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Job Interview Tips With Graduate Coach

24 May 2021

For many hoping to take their first step onto the career ladder, the prospect of job interviews is truly daunting. According to research commissioned by career coaching company Graduate Coach, a whopping 85% of students and graduates in the UK are afraid of interviews, so you’re certainly not alone if you harbour anxiety about the process.

To allay your fears, we’ve teamed up with Graduate Coach to provide you with this guide to the interview process, offering some expert job interview tips and tricks from Head Coach and Founder Chris Davies that will help you to build confidence, improve your performance and stand out from the rest of the pack.

Whether you’re a total interview novice or have already had a few interviews, the good news is that interviewing is very much a skill, and as such, it can be practised, honed and eventually perfected. The expert advice you’ll read in this post will set you on track to doing just that and get you closer to landing a great job.

What is the Purpose of a Job Interview?

As already stated, job interviews are capable of striking fear into the heart of even the steeliest individuals. Whilst this is certainly an understandable attitude, given that there’s never a shortage of sensational news stories about interviews from hell, the fact you’ve been given an interview for a job should fill you with confidence.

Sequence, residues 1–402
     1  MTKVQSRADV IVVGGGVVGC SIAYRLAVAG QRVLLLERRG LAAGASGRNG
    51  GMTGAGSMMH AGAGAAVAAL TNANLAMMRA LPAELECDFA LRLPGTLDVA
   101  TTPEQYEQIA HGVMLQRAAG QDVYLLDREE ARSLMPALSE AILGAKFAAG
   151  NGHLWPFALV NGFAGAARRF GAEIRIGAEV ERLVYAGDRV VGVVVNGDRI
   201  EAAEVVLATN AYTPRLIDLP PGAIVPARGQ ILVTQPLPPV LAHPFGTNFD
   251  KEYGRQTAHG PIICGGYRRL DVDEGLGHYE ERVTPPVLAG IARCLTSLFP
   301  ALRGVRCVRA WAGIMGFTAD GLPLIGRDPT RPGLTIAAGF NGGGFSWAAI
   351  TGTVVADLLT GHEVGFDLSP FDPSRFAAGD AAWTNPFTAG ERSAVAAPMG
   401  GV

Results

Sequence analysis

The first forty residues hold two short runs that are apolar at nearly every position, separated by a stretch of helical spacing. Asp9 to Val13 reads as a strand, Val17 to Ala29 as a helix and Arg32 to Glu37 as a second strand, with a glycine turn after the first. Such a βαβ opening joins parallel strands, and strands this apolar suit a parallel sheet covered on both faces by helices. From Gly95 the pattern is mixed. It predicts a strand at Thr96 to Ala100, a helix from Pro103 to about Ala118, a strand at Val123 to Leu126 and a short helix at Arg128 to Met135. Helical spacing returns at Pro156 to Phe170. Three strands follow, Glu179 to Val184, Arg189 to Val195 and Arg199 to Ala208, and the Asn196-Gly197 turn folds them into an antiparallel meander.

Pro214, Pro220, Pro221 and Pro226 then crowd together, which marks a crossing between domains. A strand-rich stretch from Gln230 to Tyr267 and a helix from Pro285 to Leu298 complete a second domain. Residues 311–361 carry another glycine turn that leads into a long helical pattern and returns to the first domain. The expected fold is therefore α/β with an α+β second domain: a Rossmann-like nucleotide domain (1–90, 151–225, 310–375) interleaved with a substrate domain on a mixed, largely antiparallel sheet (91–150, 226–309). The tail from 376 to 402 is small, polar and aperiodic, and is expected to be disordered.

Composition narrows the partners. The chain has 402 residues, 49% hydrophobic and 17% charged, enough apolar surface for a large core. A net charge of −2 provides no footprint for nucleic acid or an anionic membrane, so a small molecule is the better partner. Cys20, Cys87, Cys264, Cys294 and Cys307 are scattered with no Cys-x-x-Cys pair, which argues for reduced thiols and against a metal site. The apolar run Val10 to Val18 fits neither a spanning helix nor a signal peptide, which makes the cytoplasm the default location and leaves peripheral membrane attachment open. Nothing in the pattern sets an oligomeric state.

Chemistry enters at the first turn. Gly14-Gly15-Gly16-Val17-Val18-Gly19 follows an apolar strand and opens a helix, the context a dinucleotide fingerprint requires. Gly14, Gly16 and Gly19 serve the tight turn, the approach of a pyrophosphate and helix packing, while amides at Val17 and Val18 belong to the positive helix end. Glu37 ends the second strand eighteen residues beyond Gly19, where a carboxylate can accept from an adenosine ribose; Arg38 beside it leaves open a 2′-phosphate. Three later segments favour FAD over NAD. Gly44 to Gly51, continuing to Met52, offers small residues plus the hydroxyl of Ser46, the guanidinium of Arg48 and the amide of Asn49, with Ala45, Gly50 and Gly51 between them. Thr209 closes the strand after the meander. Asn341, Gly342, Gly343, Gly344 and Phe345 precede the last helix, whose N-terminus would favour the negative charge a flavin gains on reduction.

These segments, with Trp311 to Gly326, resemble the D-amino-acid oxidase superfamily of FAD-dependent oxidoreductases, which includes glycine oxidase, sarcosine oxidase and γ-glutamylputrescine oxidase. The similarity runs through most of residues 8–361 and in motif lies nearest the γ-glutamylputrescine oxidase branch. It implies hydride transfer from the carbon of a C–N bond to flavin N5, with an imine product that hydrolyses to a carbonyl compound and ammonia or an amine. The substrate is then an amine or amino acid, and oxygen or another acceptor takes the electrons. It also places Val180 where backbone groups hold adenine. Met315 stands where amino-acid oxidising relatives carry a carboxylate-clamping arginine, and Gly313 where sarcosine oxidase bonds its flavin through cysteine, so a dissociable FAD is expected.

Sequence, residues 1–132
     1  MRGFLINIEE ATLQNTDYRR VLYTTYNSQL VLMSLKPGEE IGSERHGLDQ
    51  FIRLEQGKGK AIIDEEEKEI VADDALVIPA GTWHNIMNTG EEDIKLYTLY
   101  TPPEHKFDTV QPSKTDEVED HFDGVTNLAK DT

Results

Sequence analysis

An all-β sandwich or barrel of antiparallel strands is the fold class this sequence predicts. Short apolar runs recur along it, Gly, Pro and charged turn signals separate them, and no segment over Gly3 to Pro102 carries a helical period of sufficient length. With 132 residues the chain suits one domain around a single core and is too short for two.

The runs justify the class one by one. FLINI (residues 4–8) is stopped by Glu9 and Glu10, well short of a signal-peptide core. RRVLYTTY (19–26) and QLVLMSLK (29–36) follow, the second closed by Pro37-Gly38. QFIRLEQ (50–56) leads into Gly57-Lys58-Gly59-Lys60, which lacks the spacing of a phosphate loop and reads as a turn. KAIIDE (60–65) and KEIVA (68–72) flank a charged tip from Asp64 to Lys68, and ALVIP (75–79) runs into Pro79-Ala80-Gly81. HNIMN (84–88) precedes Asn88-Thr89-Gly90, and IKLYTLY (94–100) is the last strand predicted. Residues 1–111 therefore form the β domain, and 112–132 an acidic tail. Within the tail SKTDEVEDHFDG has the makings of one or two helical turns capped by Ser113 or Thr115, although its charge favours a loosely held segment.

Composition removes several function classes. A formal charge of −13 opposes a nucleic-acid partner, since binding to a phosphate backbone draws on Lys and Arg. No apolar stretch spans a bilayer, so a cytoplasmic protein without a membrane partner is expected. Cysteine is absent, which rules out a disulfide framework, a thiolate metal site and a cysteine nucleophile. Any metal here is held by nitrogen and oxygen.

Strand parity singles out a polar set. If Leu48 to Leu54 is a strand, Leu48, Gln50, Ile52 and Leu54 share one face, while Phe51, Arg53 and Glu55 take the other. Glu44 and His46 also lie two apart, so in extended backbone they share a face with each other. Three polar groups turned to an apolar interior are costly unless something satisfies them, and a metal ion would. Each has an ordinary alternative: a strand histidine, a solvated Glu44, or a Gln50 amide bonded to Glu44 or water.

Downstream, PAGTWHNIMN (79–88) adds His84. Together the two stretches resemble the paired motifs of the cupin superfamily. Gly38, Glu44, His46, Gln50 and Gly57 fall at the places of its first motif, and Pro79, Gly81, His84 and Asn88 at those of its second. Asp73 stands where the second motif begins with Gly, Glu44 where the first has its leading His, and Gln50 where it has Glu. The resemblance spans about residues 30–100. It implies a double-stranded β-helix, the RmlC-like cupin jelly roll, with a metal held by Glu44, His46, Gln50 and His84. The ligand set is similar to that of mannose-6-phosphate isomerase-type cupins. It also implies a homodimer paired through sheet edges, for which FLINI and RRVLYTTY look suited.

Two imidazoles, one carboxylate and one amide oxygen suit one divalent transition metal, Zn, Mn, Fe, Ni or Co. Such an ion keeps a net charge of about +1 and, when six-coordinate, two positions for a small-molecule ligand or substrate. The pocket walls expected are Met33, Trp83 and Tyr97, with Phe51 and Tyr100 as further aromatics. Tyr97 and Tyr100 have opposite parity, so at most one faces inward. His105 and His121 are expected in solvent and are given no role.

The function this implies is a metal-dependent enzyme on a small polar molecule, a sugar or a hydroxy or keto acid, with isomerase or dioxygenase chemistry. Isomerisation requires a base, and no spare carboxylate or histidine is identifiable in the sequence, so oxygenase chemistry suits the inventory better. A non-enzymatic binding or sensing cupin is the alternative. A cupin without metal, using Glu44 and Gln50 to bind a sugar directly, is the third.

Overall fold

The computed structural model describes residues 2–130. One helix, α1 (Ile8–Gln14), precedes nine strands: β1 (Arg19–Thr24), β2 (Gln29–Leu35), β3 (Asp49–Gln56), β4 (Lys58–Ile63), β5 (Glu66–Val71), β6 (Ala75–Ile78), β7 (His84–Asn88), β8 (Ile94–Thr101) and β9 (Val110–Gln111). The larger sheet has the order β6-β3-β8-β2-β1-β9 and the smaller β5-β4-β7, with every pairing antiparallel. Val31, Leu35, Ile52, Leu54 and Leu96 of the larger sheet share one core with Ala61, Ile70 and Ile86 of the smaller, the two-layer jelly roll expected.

In today’s job market, especially since the pandemic, employers tend to be inundated with applications for every vacancy they list. Whilst this is now improving as we (touch wood) ease our way out of the worst of the pandemic, you can be sure that if you have been invited to attend an interview, you’ve already done exceptionally well.

Reaching this stage should signal to you that the employer believes that on paper, i.e. from your CV, cover letter and any aptitude tests you may have carried out before this stage, there’s a good chance that you’re a fit for the job.

As such, the old cliché your parents and teachers told you about exams being an ‘opportunity to show off’ holds true here. The interview process is ultimately about demonstrating four key things to your prospective employer:

  • you can do the job
  • you want the job
  • you empathise with the interviewer
  • you can ask insightful questions

 

Think of these four elements as four pillars that form the basis of any successful interview performance. Every interview will be different, but as long as you focus on impressing these four facts upon your interviewer(s), you’ll stand a great chance of setting yourself apart from the other candidates and securing an offer.